Top 10 Proofs the Earth is Not Round

Gregory
We know Earth isn't flat, yet while some people today still think Earth is flat, there's also people convinced Earth is round.

Yet it looks round on NASA photos, but looks are deceiving.


We do know now that Earth is neither flat nor round, but a complex nugget that's squashed at the poles and wider in the middle, yet constantly changes shape.

Here are proofs why Earth isn't round.

The Top Ten

1 It bulges at its equator

It's not exactly round as a ball, but it is 3-D, and there's no denying the fact. - XxembermasterxX

This subject is still relevant? - Userguy44

Apparently. Would be interesting to see what's going on in these people's heads to think the Earth is flat. - RogerMcBaloney

For years, people used to think Earth was flat, and believe it or not, some still do today, but over millennia, there developed people like Christopher Columbus who claimed Earth was round, by looking at how the stars appear to move around in a circular motion, along with how Earth cast a shadow on the moon during a lunar eclipse, yet also based on the facts that other planets appeared to be round as well.
Magellan circumnavigated Earth which was a further testament to how round Earth is.

However, despite all these mysteries cracking, it still turns out we were deceived.

Since the 1960s, NASA took photos of Earth showing what appeared to be a round globe.
But we have mountains, such as Mt. Everest, which was 8.848 km at the time(8.847 km now due to the Nepal earthquake), Mt. McKinley in North America, Mauna Kea in Hawaii, Mt. Chimborazo in Ecuador, the Mariana Trench in the pacific, yet these are just very few features as Earth is entirely filled with geological ...more - Gregory

2 It has mountains

We have mountains throughout much of our Earth, the Rockies, Smokies, Swiss Alps, the Himalayas and such.
We have Mt. Everest, which is 8,847 m tall(originally 8,848 m tall lost 1 meter due to the Nepal earthquake), Mt. Denali (McKinley) in Alaska, 7,013 m 44 cm 8 mm, the Matterhorn in Europe that's 4,478 m 12 cm 16 mm.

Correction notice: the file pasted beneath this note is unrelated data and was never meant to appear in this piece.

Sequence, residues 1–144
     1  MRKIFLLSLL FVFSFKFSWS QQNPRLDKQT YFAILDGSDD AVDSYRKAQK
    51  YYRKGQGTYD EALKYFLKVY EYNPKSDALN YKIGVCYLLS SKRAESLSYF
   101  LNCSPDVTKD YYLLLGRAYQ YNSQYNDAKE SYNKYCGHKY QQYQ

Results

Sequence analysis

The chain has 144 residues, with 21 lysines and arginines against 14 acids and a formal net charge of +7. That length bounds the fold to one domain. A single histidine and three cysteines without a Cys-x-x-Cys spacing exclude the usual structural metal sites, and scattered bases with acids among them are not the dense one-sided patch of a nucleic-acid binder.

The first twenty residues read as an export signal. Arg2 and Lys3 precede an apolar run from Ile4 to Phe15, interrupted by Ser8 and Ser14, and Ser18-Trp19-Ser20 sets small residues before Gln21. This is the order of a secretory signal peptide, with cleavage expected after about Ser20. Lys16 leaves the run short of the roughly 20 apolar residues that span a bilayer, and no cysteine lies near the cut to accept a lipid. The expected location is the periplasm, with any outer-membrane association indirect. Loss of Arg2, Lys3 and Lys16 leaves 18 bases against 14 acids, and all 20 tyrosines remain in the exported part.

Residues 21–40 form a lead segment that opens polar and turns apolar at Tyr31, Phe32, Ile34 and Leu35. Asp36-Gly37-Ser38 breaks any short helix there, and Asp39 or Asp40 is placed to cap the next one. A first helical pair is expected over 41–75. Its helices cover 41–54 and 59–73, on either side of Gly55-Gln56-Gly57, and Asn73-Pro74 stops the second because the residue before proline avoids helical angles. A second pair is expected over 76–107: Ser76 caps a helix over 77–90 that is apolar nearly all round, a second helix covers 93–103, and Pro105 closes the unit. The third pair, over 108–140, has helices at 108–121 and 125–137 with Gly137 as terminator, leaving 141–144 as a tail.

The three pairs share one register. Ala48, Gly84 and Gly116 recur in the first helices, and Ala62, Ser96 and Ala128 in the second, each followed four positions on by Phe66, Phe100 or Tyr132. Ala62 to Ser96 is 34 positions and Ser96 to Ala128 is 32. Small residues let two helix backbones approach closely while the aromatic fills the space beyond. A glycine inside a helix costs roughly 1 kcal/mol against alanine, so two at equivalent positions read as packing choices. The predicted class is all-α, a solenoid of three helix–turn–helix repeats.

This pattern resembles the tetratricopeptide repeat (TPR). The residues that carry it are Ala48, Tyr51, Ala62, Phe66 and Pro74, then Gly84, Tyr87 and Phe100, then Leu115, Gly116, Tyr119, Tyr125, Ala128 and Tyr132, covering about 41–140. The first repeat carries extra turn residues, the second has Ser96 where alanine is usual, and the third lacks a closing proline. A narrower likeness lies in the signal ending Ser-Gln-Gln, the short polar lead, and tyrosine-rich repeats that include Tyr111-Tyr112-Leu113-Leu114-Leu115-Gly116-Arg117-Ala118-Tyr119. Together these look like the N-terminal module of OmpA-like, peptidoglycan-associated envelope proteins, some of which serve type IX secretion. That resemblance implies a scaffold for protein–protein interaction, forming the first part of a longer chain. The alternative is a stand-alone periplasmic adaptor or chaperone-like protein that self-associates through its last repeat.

Yet we have volcanoes as well, including Mt. Vesuvius, Krakatau, Chimborazo in Ecuador, which is the highest peak from Earth's center, at 6,384 km 400 m from Earth's center with its 6,263 m height from sea level (due to its 21 km 384 m 70 cm bulge at its equator from rotation), as well as Mauna Kea, which is 4,207 m 30 cm from sea level and over 10,000 m from base (taller than Mt. Everest but a volcano).
A sphere cannot have any mountains or bumps while Earth does as well as an equatorial and tidal bulge. - Gregory

Earth is so big that these mountains don’t really affect its overall shape. - Archived

The truth is that a sphere is a 3-dimensional figure where every part of the surface is equally distant from the center.
EQUALLY DISTANT!
That means any variations or mountains of even a SUBATOMIC particle length disqualifies the figure from being a sphere.
Sorry if I had to be harsh, but I was making a clear point.
A sphere cannot have any variations in its texture or distance.
Plus the equatorial bulge is a greater length than the tallest mountain or deepest trench. - Gregory

3 It has trenches

People are still arguing about this...in 2019? - Peppapigsucks

There are trenches throughout Earth, including manmade trenches made during wars, yet we have the Mariana Trench in the Pacific, which few people dived in and 1 unassisted (James Cameron).
The depth of the Mariana Trench is 10,994 m(10.994 km), so if Earth were the size of a billiard ball, that area would be like the depth on 320 grit sandpaper.
A sphere doesn't have pits or bumps, but Earth does, and that's another reason it's not quite round. - Gregory

4 It wobbles on its axis

We know our axis is titled by 23.44392911°, but it does turn around like a top, in an effect known as precession, which takes 25,700 years, and is the reason Polaris isn't always the north star.
This effect can only be achieved on an object that isn't spherical, yet since Earth is fatter at its equator and has geology, and along with the gravitational pull from the Sun, Moon, Mercury, Venus, Mars, Jupiter and its moons, Saturn and its moons, Uranus and its moons, Neptune and its moons, and even the asteroids and dwarf planets along with comets, other stars and galaxies, Earth's axis slowly drifts or wobbles in a 25,700 year cycle.